Pound the garlic with 1/2 teaspoon salt in a mortar until smooth, then work in the marjoram leaves. (This is where I transferred the garlic paste to a food processor and continued). Work in the capers, pine nuts, parsley and olives until you have a course puree. Add the bread and olive oil and work until the pesto is well amalgamated. Season with pepper, taste for vinegar and add a little more if you think it needs it. The pesto will be very thick.
For the beets
- 2 small red onions, thinly sliced into rounds
- White wine vinegar
- 9 to 12 small beets, golden and/or Chioggia, including the greens (I used 3 large goldens, cut in half)
- Olive oil
- Sea salt
- Toasted pine nuts for garnish
Toss the onions with vinegar nearly to cover and refrigerate until needed. They will turn bright pink.
Discard the beet stems and any wilted leaves, wash the remaining leaves and the beets, and steam the leaves until tender, about 5 minutes. Set cooked leaves aside to drain, then chop coarsely. Toss with a little olive oil and season with salt.
Leaving an inch of stems and tails on the beets, steam until a knife pierces them easily, about 25 minutes. Slip off the skins. Trim the tops and tails, quarter them and sprinkle with a little vinegar.
Toss the beets with the pesto (I used about half of it), leaving ample streaks throughout. Place them over the greens. Remove the onions from the vinegar and strew them over the beets. Garnish with the pine nuts and serve (it's good at room temperature).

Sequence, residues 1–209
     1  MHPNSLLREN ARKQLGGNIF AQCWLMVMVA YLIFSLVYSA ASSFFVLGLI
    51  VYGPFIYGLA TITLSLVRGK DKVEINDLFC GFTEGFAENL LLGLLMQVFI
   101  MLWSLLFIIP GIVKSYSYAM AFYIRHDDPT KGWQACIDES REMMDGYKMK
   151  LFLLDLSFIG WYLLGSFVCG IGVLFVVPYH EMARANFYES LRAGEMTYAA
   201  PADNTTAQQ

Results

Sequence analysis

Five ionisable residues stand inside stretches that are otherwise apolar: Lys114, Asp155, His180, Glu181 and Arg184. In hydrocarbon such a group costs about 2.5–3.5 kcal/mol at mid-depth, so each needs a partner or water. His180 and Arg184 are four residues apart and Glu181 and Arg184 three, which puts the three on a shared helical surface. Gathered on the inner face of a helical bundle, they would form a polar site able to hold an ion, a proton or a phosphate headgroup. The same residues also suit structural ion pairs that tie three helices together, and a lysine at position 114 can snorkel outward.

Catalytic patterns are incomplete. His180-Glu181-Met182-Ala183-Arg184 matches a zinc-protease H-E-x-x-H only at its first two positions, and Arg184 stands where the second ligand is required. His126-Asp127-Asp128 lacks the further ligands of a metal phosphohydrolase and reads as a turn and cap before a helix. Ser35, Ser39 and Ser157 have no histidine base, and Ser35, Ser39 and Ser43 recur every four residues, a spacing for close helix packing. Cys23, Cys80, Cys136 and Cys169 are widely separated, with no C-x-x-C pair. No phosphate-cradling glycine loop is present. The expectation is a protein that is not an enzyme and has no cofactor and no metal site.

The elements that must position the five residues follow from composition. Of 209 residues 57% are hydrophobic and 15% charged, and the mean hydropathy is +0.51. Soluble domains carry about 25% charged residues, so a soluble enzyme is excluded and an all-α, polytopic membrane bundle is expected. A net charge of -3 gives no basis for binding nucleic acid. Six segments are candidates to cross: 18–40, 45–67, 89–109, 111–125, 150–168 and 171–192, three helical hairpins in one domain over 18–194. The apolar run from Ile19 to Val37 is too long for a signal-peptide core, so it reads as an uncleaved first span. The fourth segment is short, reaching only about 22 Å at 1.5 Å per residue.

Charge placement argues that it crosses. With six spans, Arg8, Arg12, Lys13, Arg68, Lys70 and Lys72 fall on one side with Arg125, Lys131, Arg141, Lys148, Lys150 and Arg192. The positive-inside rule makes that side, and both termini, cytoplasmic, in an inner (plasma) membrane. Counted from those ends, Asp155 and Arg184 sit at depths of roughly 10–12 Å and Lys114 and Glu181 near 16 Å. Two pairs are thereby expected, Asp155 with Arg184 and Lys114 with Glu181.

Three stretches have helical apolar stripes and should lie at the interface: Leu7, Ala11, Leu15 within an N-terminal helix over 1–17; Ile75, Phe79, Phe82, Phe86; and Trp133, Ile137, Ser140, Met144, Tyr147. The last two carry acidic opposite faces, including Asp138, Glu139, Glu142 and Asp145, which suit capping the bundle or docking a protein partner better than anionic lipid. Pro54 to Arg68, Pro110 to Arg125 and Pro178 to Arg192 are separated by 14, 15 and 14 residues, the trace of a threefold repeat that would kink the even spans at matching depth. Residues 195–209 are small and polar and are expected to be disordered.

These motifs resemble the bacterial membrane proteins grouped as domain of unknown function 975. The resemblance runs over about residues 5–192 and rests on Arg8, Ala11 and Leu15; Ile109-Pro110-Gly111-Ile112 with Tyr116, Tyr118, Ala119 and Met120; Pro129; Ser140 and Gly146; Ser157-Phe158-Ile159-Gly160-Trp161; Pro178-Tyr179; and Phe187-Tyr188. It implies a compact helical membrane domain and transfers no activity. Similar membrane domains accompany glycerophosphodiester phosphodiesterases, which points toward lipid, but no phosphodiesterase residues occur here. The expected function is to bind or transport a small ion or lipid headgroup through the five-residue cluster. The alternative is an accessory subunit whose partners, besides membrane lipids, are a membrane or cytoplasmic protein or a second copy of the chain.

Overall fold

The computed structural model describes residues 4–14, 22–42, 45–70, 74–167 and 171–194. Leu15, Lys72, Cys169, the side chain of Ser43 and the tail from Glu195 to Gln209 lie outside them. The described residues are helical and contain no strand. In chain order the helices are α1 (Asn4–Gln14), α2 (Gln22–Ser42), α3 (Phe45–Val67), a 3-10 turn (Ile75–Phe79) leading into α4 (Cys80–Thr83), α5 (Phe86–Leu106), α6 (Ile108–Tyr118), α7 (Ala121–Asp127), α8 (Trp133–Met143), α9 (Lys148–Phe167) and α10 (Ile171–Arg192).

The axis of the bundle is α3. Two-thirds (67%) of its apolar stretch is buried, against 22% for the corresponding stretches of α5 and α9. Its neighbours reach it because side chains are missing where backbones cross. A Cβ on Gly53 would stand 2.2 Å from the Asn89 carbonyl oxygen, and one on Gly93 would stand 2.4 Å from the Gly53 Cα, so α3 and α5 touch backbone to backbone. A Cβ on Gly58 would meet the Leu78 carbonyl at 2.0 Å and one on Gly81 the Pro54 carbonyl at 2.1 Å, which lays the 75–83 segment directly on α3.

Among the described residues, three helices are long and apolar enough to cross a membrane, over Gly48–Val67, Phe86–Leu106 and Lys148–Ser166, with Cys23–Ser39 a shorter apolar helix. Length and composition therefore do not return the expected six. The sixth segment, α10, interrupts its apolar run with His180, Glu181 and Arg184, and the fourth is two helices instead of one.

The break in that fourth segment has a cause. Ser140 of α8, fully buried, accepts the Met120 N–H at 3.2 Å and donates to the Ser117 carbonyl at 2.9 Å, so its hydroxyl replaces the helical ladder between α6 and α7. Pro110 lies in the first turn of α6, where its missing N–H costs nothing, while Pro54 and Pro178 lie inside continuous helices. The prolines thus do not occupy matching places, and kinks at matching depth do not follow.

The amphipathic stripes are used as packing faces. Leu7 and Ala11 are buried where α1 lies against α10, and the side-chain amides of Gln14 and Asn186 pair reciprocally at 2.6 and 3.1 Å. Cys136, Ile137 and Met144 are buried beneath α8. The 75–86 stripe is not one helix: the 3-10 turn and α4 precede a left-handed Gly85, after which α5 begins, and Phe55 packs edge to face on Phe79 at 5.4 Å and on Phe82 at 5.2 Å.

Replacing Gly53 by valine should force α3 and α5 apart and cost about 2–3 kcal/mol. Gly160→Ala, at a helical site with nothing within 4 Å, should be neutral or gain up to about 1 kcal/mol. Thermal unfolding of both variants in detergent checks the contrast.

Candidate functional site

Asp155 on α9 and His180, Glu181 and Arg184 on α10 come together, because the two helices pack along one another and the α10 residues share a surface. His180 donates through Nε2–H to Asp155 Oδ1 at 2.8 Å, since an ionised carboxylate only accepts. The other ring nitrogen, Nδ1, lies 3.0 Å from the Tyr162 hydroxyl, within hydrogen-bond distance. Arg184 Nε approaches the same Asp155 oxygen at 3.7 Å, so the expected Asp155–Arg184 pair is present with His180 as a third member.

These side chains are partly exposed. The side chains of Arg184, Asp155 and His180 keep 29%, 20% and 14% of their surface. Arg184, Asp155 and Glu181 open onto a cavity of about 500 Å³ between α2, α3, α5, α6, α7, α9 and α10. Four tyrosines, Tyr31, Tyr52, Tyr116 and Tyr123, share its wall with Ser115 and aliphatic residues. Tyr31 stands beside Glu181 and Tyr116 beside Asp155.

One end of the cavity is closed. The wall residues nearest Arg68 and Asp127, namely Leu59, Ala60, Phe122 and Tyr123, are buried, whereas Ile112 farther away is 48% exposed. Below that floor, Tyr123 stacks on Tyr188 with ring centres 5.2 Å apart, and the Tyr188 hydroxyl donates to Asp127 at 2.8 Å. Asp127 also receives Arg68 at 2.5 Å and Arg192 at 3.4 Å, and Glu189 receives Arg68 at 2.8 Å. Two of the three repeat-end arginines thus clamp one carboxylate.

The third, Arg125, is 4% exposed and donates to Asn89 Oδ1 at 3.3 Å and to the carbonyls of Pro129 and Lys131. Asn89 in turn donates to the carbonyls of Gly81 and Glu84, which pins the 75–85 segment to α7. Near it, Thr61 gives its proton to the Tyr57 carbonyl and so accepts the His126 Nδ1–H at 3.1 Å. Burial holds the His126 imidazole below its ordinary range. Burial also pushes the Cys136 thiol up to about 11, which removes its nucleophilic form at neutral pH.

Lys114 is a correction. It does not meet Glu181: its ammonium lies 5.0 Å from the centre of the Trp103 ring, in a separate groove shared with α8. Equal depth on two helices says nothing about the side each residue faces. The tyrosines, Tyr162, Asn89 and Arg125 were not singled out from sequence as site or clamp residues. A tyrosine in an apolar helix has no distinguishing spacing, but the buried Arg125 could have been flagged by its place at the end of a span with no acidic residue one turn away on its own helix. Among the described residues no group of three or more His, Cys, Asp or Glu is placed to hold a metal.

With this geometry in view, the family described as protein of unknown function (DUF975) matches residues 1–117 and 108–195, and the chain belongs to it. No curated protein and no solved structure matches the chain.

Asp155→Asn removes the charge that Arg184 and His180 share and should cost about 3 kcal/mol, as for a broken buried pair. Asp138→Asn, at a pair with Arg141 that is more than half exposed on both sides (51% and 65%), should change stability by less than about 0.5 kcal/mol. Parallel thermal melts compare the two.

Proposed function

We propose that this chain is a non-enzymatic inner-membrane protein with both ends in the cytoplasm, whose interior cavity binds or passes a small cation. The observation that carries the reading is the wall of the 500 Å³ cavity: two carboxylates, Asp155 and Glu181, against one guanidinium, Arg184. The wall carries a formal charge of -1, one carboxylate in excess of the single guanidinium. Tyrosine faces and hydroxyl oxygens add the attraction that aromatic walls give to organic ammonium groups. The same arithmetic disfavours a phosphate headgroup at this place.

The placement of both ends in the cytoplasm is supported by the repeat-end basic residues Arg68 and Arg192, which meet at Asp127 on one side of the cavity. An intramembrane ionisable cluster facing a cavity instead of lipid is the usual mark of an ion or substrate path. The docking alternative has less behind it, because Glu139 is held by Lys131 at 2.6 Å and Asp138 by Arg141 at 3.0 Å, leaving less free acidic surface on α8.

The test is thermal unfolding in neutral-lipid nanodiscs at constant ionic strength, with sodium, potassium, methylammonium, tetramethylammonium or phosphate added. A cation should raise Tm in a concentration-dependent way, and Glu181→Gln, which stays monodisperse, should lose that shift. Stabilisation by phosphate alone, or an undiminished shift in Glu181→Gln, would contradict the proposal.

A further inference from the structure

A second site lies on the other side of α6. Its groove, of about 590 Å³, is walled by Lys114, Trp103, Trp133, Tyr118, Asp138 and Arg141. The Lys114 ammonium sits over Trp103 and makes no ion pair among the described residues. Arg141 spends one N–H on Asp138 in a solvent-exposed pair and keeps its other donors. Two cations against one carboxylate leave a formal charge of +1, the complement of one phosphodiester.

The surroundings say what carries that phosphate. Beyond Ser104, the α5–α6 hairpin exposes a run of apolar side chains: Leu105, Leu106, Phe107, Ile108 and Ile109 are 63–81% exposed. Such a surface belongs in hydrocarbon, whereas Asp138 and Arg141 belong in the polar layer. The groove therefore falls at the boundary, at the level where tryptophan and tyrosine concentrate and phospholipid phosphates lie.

-- "Local Flavors: Cooking and Eating from America's Farmer's Markets" by Deborah Madison (Broadway, 2002 and 2007)
This easy recipe is a great way to enjoy one of spring's freshest offerings. And talk about a keeper -- a friend gave it to me more than a decade ago. The vinaigrette can be used to dress salads or other vegetables.
-- Gretchen McKaySteamed Asparagus With Dijon Mustard Vinaigrette
- 1 pound steamed asparagus, chilled
- 1 tablespoon Dijon mustard
- 4 tablespoons red wine vinegar
- 1 tablespoon sugar
- 1/2 teaspoon salt
- 1/2 teaspoon pepper
- 1/2 cup olive oil
- Chopped parsley for garnish
Whisk together mustard, vinegar, sugar, salt and pepper until blended. In a thin stream, add the oil, whisking constantly.
Toss chilled asparagus in vinaigrette and top with chopped parsley. Serve immediately.
Serves 4 to 6.
-- Gretchen McKay
China Millman can be reached at 412-263-1198 or firstname.lastname@example.org; follow China on twitter at http://twitter.com/chinamillman.